Mi’kmaw poet says committee to examine Cornwallis commemoration “good first step”

A Halifax municipal worker drapes a black tarp over the statue of Edward Cornwallis during a protest July 15/Photo by Stephen Brake

The Mi’kmaw poet who sparked Halifax Regional Council to rethink how the city commemorates its controversial founder is pleased a committee has been struck to examine the issue in the coming months.

“I like it. I think it’s a good first step,” Rebecca Thomas, Halifax’s Poet Laureate said on Thursday.

“At the same time, I’m also a little critical of the process. Keep in mind, this is a committee to have a conversation,” Thomas said.

“We went through six months of process and like, motion after motion simply to have a conversation,” she added.

Rebecca Thomas, 31, is Halifax’s poet laureate until April 2018/Photo by Stephen Brake

On Tuesday, Halifax Regional Council approved a staff report to create an committee that will make recommendations on how the city should commemorate the city’s founder, British officer Edward Cornwallis. The panel will also recommend how the city should commemorate the history of Indigenous people.

Council passed a motion 15-2 to accept a staff report. Two councillors, District 11 Councillor Steve Adams and District 13 Councillor Matt Whitman voted against the motion.

Council also approved a confidential report that made recommendations on who should sit on the eight-member committee during an in-camera session on Tuesday. According to a city spokesman, the names of the panelists will be announced at a later date.

“We’re currently in the process of reaching out to potential committee members to ask if they’re willing to participate on the committee,” Brendan Elliot wrote in an email Wednesday.

“A public announcement will be made once all eight members have been selected. We anticipate that will happen later this fall,” Elliot said.

“Not Perfect” poem about commemoration of Edward Cornwallis

The decision to examine the issue of commemorating Edward Cornwallis on municipal property came up in April after Thomas read a poem called “Not Perfect” in council chambers that criticized city’s current commemoration of Cornwallis.

Afterwards, District 9 Councillor Shawn Cleary made a motion to examine the issue of commemorating Cornwallis, who founded Halifax in 1749, on municipal property.  Regional council passed the motion 15-1 on April 25.

There have been calls by Indigenous groups over the past twenty years to remove a statue of Cornwallis in Halifax’s south end. Cornwallis had issued a scalping proclamation on Mi’kmaw men, women and children.

That call to remove the Cornwallis statue intensified over the summer when members of a group called “The Proud Boys” tried to interrupt a traditional ceremony taking place at the base of the statue on Canada Day.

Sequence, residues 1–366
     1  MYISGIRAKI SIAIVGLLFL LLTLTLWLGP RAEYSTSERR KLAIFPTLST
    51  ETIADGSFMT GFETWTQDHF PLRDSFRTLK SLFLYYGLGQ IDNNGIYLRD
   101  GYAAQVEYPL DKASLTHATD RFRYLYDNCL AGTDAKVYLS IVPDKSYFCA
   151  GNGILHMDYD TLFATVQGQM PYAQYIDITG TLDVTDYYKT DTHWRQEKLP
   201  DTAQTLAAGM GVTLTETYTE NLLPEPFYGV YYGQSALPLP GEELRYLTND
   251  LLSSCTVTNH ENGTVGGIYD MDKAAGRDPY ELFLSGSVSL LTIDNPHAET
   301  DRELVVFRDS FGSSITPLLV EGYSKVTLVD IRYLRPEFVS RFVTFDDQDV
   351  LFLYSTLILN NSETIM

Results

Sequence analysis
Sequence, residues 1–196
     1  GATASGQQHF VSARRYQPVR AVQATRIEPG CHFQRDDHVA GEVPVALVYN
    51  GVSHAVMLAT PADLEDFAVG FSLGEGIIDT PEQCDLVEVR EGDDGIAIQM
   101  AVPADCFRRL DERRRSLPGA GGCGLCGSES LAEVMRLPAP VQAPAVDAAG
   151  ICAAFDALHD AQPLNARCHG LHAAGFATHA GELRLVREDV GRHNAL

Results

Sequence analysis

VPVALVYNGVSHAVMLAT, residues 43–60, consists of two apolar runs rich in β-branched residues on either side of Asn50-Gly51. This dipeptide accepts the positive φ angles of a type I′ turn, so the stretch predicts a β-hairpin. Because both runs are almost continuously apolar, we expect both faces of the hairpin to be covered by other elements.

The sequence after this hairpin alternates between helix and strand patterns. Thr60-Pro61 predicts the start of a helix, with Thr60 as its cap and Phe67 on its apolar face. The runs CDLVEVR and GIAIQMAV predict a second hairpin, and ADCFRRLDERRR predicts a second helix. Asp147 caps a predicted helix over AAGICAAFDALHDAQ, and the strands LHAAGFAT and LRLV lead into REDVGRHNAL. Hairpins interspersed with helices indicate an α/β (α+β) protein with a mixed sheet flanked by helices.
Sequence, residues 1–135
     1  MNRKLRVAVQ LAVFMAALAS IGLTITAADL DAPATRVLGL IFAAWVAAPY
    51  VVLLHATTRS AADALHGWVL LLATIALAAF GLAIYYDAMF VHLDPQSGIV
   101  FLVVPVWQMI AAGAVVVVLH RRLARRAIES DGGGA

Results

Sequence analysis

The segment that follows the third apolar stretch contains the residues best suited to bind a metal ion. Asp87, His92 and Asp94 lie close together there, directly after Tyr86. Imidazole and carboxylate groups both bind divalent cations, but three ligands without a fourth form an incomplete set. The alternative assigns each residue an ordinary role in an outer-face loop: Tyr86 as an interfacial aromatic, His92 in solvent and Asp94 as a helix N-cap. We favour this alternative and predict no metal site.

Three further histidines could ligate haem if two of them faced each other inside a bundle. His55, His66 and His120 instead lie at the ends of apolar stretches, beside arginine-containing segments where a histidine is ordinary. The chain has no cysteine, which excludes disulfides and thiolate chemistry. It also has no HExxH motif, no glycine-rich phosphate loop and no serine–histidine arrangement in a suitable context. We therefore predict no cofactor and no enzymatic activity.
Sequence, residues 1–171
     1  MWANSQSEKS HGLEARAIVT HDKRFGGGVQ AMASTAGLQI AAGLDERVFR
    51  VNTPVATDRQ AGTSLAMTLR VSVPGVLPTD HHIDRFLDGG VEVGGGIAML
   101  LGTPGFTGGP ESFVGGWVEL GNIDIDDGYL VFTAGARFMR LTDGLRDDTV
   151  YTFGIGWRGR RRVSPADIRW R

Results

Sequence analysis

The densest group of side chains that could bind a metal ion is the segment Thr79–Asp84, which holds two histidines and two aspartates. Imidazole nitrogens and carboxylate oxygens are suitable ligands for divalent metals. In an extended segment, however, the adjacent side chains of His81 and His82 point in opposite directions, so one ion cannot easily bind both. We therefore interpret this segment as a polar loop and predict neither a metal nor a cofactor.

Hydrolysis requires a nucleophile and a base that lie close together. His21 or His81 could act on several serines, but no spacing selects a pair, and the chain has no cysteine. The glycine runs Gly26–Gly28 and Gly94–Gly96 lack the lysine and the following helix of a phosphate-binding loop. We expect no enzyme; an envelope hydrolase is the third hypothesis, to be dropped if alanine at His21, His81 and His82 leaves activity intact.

In mid-July, more than 200 people gathered around the Cornwallis statue after a call was posted online to have the statue physically removed. After organizers spoke with city officials, they instead agreed to have the statue draped in a black cloth for a few hours.

The staff report recommended to create an eight-member committee with equal representation of Indigenous and non-Indigenous people. Half of the committee members will be chosen from a list submitted by the Assembly of Nova Scotia Mi’kmaq Chiefs. The other half will be chosen by regional council.

Committee members will each receive an honorarium of $150 per meeting up to $2,100. A budget for the committee has been set at $50,000.

In drafting the terms of reference, city staff connected with individuals and organizations such as academics, historians, staff with Nova Scotia Aboriginal Affairs, Parks Canada, the Halifax Military Heritage Preservation Society and Mi’kmaw historian and author Daniel Paul.

Thomas would like to see people from diverse backgrounds appointed to the eight-member panel.

“I’d like to see a youth representative. I’d like to see an elder, not just people with PhD’s and not just people with a collection of letters after their names,” Thomas said.

“I think it’s important to have a community perspective,” she said.


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About Maureen Googoo 160 Articles
Maureen Googoo is an award-winning journalist from Indian Brook First Nation (Sipekne'katik) in Nova Scotia. She has worked in news for 30 years for media outlets such as CBC Radio, the Chronicle-Herald and the Aboriginal Peoples Television Network. Maureen has an arts degree in political science from Saint Mary's University in Halifax, a post-graduate degree in journalism from Ryerson University in Toronto and a Masters degree in journalism from Columbia University Graduate School of Journalism in New York City.